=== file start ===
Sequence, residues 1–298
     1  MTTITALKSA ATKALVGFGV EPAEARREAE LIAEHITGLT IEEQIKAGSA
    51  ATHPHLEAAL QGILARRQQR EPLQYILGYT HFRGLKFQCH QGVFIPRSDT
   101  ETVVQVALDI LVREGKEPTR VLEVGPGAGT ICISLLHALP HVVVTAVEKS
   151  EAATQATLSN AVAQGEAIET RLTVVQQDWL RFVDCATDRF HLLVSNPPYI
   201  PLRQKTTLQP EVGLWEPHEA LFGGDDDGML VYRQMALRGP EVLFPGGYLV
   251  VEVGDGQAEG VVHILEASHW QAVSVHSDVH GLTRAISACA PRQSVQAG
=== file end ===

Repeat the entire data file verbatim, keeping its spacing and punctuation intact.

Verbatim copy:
Sequence, residues 1–298
     1  MTTITALKSA ATKALVGFGV EPAEARREAE LIAEHITGLT IEEQIKAGSA
    51  ATHPHLEAAL QGILARRQQR EPLQYILGYT HFRGLKFQCH QGVFIPRSDT
   101  ETVVQVALDI LVREGKEPTR VLEVGPGAGT ICISLLHALP HVVVTAVEKS
   151  EAATQATLSN AVAQGEAIET RLTVVQQDWL RFVDCATDRF HLLVSNPPYI
   201  PLRQKTTLQP EVGLWEPHEA LFGGDDDGML VYRQMALRGP EVLFPGGYLV
   251  VEVGDGQAEG VVHILEASHW QAVSVHSDVH GLTRAISACA PRQSVQAG